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It’s dry and cold in Bhubaneswar. It’s also the wedding season. Roughly 800 marriages take place every year in November and December, considered to be auspicious in Odiya calendar. But 2018 might see an exception. “Koi shadi nahi hoga, sab hockey khelega,” the front officer of a famous Bhubaneswar hotel says. In the last 10 days, this particular hotel has hosted 16 marriages, and the season is just getting started. Next year, though, it will host none.
“No vacancy” signs are already hung across the hotels in Bhubaneswar as the state government has taken each one of the approximately 1,000 rooms available to ensure there is no shortage of accommodation, at least for the 16 participating nations in next year’s World Cup.
Bhubaneswar has shown it has the appetite for big-time sport. The Asian Athletics Championships and Hockey World League this year have drawn huge interest among the locals, with thousands pouring in every day to watch even non-India matches. In that sense, there couldn’t have been a better venue. But like most host cities, it continues to grapple with some teething issues–accommodation being the biggest.
With a year still to go, all the rooms in the city have already been taken over by the state government for the teams and their support staff along with the International Hockey Federation (FIH) and organizing committee officials. For a travelling fan, carrying a sleeping bag should not be a bad idea. Else, the alternate is to stay in Puri or Cuttack, an hour’s drive from the capital.
The organisers have allayed fears. Hockey India CEO Elena Norman says they have ‘sufficient rooms to accommodate all teams’. But Odisha government’s sport secretary Vishal Dev says the ‘biggest challenge’ for them is to ensure accommodation for the fans. “In terms of the sheer number of players coming, Asian Athletics was the biggest – there were around 1000. With the World Cup, the difference is a large number of fans will travel,” he says. “So accommodation for them might be a challenge, not for the teams. That will be the biggest challenge.”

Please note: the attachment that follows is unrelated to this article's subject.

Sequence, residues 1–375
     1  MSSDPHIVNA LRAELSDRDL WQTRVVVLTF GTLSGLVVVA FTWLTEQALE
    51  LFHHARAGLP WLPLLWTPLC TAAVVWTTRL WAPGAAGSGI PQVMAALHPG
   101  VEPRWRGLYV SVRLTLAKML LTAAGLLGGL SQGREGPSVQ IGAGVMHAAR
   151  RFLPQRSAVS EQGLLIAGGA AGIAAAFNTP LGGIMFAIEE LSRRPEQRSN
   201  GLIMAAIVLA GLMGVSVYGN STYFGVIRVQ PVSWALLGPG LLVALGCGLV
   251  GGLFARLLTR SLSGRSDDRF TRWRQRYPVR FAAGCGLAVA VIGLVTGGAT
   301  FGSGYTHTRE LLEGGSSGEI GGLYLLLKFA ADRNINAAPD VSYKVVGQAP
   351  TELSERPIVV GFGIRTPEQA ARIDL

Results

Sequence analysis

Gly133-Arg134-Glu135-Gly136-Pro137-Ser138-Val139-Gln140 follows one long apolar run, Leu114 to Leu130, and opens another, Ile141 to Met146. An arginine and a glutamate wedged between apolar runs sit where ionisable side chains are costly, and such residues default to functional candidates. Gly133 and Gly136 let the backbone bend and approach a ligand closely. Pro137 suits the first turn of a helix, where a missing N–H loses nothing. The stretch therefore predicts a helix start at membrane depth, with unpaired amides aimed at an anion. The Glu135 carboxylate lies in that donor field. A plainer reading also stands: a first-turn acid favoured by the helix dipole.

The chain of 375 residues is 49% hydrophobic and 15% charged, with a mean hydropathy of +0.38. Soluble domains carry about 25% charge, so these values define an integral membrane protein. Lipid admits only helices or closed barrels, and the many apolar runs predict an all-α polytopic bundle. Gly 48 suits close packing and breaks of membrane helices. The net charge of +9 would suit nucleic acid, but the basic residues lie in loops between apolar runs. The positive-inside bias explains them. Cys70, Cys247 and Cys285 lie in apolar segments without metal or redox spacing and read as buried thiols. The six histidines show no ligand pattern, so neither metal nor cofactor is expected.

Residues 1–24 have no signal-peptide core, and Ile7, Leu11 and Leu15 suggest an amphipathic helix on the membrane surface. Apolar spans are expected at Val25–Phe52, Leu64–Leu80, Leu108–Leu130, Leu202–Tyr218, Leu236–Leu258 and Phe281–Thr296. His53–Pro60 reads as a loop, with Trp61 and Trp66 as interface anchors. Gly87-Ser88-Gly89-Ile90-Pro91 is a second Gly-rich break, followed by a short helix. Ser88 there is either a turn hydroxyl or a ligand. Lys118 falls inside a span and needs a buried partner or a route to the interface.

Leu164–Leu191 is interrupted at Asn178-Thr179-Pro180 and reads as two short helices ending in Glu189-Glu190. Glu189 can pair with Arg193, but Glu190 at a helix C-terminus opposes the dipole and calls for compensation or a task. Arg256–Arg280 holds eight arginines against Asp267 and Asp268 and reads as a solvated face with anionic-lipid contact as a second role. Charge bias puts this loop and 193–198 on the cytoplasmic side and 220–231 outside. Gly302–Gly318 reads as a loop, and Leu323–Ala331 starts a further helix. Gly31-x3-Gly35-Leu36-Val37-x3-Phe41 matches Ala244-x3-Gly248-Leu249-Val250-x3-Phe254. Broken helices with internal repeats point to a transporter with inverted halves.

Shortage of rooms isn’t the only concern. This week, three out of the eight teams at the World League have complained of hygiene at one of the most famous hotels here. It’s an embarrassment for the government, who immediately sent officials from its food safety departments to all team hotels, where the kitchen and supplies were inspected. Subsequently, all hotels have been asked to maintain specified standards to host the teams next years.
At the Kalinga Stadium, the swimming pool has become a point of contention. As a part of its expansion drive, the organisers want to construct a stand by demolishing a swimming pool that’s adjacent to the pitch. It has drawn flak from the locals, who say the government spent a crore recently on renovating the pool. The work, nevertheless, is already underway but it’s a race against time.
The state government has four months to expand the capacity of East and West stands, construct new stands on the North and South sections with a capacity of 3,500 each. If all deadlines are met, the stadium’s current capacity of 9,000 is expected to be doubled. According to the FIH’s requirements, a new turf will also be installed on the main as well as practice pitch.
Because of its proximity to the 2019 general elections, the locals are anticipating the World Cup to be a tug-of-war between the ruling Biju Janata Dal and its rival Bharatiya Janata Party. You can already see the two fighting for space to claim credit for the World League, with posters of Prime Minister Narendra Modi and Odisha chief minister Naveen Patnaik, both wishing the Indian hockey team, littered around the city.
Some fear Pakistan’s participation could eventually become an election issue. The Green Shirts qualified for the event after missing the previous edition that was played in Holland. But they’ve failed to secure visas in time for some of the major events that have been held in India recently, including last year’s junior World Cup.
Norman says they’ve already intimated the Indian government of Pakistan’s participation and puts the onus on them to complete formalities on time. “We have already written to the ministry of youth affairs, home and defence, seeking permission for hosting the 16 teams, one of them being Pakistan, for the tournament,” she says. “After that, it is up to Pakistan to proceed accordingly. There is a time limit and they have to fulfill all the requirements by then.”
The last time Pakistan were here, in the 2014 Champions Trophy, it ended with their players abusing the crowd and flashing the finger at them. The locals have moved on. “It doesn’t matter to us. For us, it’s a big thing to just host the World Cup,” says 21-year-old Abit Ranjan Das, a Bhubaneswar resident. “All big matches always go to Cuttack. Hockey will finally put Bhubaneswar on the world map. So nothing else will be more important than hockey.” Not even marriages.
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